The partially optimistic outcome is just that – the achievement a partial and temporary reduction in the scale of violence in Baghdad itself. It is entirely possible that a major change in the scale and logistics of the security presence may decrease violence for a number of reasons. It restricts the movement and autonomy of insurgent and militia activities, at least until they can adjust and adapt to the new circumstances. Punitive actions against the enemy may weaken them or force them to retreat or re-deploy. Furthermore, since the "surge" is known publicly to be of short duration, with the aim of handing security to the Iraqi Army, some insurgents and militias may decide to go to ground temporarily, and bide their time until a U.S. withdrawal to barracks makes operational conditions more favorable for them to restart. Moreover, the security operation could be aided by temporary, passive support from some of the population, especially following the recent extraordinary high level of sectarian mayhem and the lack of any other alternatives.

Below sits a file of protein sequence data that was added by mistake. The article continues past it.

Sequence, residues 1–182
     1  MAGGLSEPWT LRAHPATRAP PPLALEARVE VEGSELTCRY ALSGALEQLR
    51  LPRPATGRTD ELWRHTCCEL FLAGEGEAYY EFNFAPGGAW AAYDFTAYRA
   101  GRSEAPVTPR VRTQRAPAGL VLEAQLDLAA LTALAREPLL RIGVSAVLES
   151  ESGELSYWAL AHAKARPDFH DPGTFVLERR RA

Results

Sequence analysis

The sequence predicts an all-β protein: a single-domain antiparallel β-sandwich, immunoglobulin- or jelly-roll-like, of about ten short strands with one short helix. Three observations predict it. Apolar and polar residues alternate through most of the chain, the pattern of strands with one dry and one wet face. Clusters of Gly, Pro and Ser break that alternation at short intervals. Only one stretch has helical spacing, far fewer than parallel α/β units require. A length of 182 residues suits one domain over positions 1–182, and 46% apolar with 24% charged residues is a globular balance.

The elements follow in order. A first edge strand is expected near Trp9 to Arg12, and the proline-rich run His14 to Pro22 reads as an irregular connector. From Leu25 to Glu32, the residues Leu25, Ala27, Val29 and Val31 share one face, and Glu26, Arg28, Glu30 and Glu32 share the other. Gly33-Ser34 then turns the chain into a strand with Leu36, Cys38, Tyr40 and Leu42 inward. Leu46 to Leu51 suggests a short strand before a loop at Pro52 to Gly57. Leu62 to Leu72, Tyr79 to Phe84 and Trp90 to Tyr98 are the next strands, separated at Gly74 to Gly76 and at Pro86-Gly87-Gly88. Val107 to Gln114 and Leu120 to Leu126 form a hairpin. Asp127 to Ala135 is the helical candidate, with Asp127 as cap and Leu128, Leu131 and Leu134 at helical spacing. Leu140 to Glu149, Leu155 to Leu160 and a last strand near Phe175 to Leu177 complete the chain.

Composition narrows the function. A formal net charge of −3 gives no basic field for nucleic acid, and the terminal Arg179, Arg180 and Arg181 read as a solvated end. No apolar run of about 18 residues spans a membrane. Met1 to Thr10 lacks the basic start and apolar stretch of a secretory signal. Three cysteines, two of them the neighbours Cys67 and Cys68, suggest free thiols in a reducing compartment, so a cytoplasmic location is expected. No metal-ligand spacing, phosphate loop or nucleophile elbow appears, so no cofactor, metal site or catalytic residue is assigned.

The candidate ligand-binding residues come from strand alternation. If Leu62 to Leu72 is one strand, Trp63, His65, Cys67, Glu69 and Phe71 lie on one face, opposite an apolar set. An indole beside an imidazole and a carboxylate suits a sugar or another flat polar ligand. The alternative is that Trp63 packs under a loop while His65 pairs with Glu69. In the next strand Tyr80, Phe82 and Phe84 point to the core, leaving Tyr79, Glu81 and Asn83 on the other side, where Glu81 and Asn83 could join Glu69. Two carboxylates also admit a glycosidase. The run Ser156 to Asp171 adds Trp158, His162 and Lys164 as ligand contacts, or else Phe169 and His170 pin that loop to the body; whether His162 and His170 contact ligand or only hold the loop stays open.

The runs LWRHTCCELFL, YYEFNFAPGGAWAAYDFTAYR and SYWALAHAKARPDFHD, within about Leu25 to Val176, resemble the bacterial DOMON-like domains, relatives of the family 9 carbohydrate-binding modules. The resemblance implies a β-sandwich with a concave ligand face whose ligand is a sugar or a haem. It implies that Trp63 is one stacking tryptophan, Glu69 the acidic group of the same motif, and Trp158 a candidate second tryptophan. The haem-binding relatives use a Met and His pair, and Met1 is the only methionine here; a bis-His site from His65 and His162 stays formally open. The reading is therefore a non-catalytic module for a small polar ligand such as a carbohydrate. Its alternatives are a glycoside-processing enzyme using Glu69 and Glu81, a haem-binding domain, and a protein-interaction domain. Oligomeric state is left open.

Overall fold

Conversely, the more pessimistic outcome would involve a palpable inability to sustain any control over the security situation in Baghdad and a worsening of conditions throughout the country. Already, the capital city notwithstanding, there has been an intensification of insurgent, sectarian, inter-tribal and inter-militia violence in nearly every town and province recently. Even in the relatively quite south, where British forces were hoping to gradually begin leaving, fighting is growing worse. More wide-scale, internecine combat could break out, with different local police and military forces taking sides like mafia turf wars, but on a much wider scale.